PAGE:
British Airways has told its passengers not to turn up at airports across the globe as the biggest strike action in the airline’s 100-year history begins on Monday.
More than 1,500 flights have been canceled as the company was accused of bullying its own staff by union bosses, who warned they could continue the action until the end of the year.
Some 280,000 people will be affected by the strike which is set to continue on Tuesday, costing BA £80m in lost revenue.
The pilots’ union Balpa said BA management’s cost-cuts and “dumbing down” of the brand had eroded confidence in the airline.
But BA chief Alex Cruz said investment in the operator had never been so big.
Both sides say they are willing to hold further talks, but no date has been set. The pilots are currently scheduled to stage another strike on 27 September.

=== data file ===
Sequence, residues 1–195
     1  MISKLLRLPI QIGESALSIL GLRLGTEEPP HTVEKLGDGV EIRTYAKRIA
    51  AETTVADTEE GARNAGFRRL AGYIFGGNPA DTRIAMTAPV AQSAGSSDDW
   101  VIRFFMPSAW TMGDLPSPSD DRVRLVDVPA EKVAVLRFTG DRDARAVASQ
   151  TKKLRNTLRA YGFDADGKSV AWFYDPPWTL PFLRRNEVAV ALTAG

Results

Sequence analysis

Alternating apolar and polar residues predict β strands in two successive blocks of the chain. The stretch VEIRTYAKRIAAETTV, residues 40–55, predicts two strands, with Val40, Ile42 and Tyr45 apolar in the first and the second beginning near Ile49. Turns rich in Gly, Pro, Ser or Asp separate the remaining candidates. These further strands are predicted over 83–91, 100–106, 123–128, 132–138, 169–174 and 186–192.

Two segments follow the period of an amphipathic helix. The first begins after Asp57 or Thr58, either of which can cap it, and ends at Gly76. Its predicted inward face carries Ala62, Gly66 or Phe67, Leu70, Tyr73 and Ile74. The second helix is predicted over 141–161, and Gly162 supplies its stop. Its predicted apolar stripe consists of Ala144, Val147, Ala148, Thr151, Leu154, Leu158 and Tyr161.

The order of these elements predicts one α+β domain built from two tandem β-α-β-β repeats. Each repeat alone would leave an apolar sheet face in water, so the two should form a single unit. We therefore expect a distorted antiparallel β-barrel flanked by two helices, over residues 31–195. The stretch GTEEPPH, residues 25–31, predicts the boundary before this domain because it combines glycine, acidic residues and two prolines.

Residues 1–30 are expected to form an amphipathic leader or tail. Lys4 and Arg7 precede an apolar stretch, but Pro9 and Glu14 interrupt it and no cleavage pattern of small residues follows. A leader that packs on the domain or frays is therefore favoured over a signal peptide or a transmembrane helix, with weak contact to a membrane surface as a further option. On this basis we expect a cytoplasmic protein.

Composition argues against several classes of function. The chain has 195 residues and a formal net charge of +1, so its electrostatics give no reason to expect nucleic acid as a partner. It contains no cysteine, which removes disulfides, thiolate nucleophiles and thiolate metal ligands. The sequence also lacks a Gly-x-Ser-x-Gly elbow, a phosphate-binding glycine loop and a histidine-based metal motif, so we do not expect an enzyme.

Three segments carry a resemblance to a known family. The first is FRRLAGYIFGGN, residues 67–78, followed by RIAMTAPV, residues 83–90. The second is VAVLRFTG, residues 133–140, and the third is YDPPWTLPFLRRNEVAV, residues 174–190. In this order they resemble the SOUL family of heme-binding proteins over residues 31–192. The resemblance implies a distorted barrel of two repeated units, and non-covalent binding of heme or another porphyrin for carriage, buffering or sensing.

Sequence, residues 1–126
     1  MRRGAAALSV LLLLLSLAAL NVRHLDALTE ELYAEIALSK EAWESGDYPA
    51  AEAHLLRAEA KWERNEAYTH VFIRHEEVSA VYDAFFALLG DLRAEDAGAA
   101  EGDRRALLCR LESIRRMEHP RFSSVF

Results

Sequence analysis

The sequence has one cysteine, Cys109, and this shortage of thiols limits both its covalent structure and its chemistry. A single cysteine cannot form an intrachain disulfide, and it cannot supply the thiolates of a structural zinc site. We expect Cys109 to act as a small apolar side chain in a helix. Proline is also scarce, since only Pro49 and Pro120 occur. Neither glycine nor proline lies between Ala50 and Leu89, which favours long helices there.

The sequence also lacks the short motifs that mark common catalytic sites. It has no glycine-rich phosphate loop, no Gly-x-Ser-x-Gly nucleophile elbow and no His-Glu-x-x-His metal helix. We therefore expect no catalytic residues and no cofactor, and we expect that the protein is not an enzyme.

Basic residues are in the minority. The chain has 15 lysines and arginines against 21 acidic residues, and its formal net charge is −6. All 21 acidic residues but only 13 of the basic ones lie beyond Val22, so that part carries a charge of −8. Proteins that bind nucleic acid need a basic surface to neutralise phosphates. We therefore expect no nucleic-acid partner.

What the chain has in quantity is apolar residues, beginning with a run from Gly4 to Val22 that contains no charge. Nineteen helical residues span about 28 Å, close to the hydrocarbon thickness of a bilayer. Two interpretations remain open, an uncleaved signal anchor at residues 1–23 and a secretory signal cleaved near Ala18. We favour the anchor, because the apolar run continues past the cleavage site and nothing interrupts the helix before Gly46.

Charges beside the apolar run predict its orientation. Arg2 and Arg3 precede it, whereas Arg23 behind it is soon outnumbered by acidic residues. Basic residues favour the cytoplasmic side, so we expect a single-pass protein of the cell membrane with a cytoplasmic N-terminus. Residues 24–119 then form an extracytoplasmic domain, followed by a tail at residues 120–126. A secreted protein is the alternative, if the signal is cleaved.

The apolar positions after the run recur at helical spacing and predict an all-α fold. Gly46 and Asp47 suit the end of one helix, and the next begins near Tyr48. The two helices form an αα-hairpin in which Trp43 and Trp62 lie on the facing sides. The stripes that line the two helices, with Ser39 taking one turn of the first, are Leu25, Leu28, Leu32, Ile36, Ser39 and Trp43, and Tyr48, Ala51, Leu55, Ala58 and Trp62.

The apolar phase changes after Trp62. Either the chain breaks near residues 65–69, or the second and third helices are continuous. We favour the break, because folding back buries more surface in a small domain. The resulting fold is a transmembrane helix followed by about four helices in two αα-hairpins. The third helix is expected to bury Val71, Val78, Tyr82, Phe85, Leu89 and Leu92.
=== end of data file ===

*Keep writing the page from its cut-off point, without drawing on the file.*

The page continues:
Balpa’s general secretary, Brian Strutton, said: “It is time to get back to the negotiating table and put together a serious offer that will end this dispute.”
But he told the BBC that while BA says publicly it is willing to talk, “in private they say they are not going to negotiate”. And although the headline dispute is about pay, he said there was also deep resentment about the airline’s direction.
“BA has lost the trust and confidence of pilots because of cost-cutting and the dumbing down of the brand… management want to squeeze every last penny out of customers and staff,” Mr Strutton said.